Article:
Today’s found on the net article is by my friend Julieanne Kost. In it, she details shortcuts an techniques for getting the most out of Photoshop’s crop tools. Give it a read.
Rikk Flohr © 2017
Along with the normal updates for new camera support, new lens support, bug fixes and the like, there are a couple of important changes to Lightroom with his update.
Both the Perpetual License holders and the Creative Cloud subscribers will notice there is a new panel in the Develop module.
Transform now appears, tucked neatly between Lens Corrections and Effects. The Upright functions have been migrated from the Lens Corrections to the Transform panel. The Manual tab adjustments from the Lens Corrections panel have been moved to the new Transform panel as well. The Lens Correction panel is now simplified from four tabs to two leaving Profile and Manual as the only tabs left. Lens correction adjustments and chromatic aberration reduction are the primary functions of the Lens Correction Panel now.
For those of you in the Creative Cloud family, there is a new tool in addition to these changes: The Guided Upright Tool!
The Guided Upright tool lives in the upper left corner and gives you the ability to draw straight lines on your image. Simply use the tool to click and then drag along a line in your image that should be vertical and release. Drawing two vertical correction lines will cause Lightroom to automatically correct your scenes perspective. Use Aspect to fine-tune your image’s apparent width.
As you can see in the example, two lines correct the perspective of this shot by forcing what I want to be vertical, to vertical! You can draw two lines for vertical correction and two lines to correct horizontal perspective.
In this example, I’ve used four lines to correct the four sides of the door frame – two horizontal and two vertical. In addition, you have the ability use the Transform tools to tweak your automatic corrections via either Upright or the Guided Upright tool.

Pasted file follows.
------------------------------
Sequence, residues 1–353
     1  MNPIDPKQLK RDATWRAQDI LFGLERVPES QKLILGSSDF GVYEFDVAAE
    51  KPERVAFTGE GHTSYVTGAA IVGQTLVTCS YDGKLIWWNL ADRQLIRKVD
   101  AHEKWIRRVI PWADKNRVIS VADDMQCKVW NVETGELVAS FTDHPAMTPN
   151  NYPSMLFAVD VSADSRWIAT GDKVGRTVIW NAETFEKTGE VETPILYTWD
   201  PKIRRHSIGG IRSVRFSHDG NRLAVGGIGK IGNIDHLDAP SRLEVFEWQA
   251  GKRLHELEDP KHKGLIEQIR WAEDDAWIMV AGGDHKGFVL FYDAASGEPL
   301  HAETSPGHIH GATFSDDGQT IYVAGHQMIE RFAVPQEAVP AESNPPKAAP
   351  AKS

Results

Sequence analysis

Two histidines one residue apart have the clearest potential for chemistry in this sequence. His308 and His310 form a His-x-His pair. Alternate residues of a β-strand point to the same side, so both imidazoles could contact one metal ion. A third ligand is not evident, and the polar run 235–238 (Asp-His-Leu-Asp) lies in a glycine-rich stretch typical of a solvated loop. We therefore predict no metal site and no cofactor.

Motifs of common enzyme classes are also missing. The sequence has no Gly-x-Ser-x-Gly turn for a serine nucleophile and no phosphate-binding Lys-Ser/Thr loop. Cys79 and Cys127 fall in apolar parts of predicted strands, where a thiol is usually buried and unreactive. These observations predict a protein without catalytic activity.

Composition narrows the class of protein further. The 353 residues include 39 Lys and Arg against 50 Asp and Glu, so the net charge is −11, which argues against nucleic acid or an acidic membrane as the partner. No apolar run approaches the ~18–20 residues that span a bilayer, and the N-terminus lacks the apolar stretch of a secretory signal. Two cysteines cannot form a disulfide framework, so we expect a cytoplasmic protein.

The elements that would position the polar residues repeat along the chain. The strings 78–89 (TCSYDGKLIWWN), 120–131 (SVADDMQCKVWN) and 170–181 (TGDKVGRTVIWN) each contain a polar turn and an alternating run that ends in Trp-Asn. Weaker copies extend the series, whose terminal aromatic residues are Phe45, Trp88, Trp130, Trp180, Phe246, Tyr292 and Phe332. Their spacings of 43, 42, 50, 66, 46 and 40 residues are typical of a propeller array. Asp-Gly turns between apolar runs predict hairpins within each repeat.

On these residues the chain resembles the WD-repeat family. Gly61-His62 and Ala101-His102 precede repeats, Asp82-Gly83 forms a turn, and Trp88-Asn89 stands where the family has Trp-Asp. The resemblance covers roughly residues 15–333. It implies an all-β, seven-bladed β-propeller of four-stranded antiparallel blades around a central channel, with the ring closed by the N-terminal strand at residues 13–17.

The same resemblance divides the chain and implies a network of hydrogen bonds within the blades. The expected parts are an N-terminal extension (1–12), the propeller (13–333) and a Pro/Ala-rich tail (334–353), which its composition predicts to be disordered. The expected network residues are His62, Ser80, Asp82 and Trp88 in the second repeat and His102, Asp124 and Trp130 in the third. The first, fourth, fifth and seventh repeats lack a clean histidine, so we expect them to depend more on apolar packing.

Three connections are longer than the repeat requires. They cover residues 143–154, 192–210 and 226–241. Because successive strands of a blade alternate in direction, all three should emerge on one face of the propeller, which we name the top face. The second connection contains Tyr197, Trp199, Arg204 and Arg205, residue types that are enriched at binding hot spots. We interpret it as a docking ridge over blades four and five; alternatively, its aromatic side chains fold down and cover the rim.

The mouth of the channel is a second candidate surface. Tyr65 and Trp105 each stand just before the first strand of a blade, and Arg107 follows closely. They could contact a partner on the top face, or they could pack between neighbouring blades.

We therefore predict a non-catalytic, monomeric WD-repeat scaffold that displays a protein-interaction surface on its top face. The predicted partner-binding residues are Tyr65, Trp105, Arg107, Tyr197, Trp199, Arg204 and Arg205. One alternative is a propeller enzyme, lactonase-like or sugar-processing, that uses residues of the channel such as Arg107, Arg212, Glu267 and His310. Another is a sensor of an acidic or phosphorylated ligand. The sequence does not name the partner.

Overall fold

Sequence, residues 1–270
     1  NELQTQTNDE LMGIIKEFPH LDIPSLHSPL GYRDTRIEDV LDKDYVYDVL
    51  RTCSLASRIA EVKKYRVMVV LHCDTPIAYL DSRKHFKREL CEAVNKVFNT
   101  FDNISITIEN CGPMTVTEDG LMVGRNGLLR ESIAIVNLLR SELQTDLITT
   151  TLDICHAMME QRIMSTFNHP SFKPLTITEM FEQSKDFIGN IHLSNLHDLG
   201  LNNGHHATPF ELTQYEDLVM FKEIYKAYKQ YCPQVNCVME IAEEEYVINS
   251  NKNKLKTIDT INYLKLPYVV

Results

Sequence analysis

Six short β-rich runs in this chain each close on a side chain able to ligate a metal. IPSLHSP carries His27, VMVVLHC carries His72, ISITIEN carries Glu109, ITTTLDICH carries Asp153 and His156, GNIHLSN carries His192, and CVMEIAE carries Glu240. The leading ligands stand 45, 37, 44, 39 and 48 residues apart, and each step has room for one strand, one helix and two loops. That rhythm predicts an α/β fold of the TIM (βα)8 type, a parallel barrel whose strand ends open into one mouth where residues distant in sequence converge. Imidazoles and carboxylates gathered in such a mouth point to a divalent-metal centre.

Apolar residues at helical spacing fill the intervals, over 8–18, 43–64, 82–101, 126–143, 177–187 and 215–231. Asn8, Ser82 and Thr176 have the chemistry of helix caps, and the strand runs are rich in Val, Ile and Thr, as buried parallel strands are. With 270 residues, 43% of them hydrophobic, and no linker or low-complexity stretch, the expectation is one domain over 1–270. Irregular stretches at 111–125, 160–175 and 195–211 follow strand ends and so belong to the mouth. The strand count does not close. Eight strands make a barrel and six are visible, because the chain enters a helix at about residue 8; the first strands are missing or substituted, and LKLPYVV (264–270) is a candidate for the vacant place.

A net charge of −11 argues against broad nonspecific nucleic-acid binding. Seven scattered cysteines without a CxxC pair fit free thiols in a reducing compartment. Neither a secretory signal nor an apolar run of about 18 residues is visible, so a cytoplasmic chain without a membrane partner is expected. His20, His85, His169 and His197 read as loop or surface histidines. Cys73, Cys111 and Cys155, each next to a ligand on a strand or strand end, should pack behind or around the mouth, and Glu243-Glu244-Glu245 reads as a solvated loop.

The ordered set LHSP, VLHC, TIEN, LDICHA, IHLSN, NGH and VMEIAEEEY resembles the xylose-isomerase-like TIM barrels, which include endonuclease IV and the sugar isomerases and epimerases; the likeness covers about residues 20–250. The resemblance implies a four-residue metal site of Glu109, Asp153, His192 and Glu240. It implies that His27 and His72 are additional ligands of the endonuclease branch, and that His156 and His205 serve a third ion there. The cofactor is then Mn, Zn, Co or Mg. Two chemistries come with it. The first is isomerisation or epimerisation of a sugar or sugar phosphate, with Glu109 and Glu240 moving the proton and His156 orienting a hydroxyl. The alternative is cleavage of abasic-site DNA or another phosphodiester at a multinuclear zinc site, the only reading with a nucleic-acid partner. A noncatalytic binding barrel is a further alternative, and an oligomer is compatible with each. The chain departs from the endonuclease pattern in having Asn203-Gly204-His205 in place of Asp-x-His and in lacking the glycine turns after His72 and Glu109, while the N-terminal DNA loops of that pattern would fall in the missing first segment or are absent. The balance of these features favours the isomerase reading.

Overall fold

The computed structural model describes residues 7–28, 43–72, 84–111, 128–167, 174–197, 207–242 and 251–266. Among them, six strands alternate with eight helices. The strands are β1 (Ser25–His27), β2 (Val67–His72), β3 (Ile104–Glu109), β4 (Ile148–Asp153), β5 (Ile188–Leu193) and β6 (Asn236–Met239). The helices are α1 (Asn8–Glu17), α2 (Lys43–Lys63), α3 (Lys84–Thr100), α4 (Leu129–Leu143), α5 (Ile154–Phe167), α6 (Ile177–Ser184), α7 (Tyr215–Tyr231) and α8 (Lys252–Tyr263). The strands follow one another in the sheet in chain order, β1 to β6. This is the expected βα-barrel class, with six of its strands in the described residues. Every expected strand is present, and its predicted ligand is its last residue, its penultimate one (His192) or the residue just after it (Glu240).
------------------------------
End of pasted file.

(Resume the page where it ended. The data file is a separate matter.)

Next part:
You are limited to four guide lines: two each, horizontal and vertical.
Anytime you correct for distortion or perspective you are removing pixels from the rectangular final image format: the essence of this tool’s exposure in Holy Crop! You can either use the Scale slider in the Transform section of the new Transform panel or click the Constrain Crop option with which Lightroom users are so familiar to remove the excess empty space spawned in these types of transformations.
One of the coolest parts of this new tool is that you can zoom in to apply it. How often have we wished the Level tool in the Crop panel would allow us to zoom in on an image to use it? The Guided Upright guides can be inserted, deleted and tweaked all while zoomed in on your wonky image.
In the image above, the image is zoomed 1:1 to allow for more precise placement of the guides.
All in all, this is a great new tool for wide-angle photographers, particularly those whose subject matter skews architecturally. The ante has been upped for correcting perspective in Lightroom. A tool like this was long overdue and very welcome.
Rikk Flohr © 2016
If you are a Creative Cloud subscriber (perhaps to the Creative Cloud Photographer’s Program) and you have synced your images for use with Lightroom for Mobile on your Android or iOS devices, you now have access to Lightroom for Web too! That may be old news but…
New in Lightroom for Web are the develop tools you need to start fine-tuning your images.
For you Cropists in the crowd, you can now sync a file from your Lightroom for Desktop catalog to your Lightroom for Web. When you bring up an image in LR4W, you now have the option to edit these files within a web browser. Those edits will sync back to your desktop master catalog and all of your synced devices. How cool is that?
As you can see, my favorite tool, the Crop tool is now at your browser-based fingertips! Crop from anywhere and sync it throughout your Lightroom ecosystem.
Rikk Flohr © 2015
If you’ve ever dealt with a professional print fulfillment labs and had a client order a wallet-sized image, you may have run into the Double Crop Conundrum. The standard wallet size is 2.5” x 3.5 “. Conveniently, it shares the same aspect ratio as the venerable 5×7 size print. At first blush, that makes cropping for the wallet-sized print a snap. Right? Wrong! Here’s why: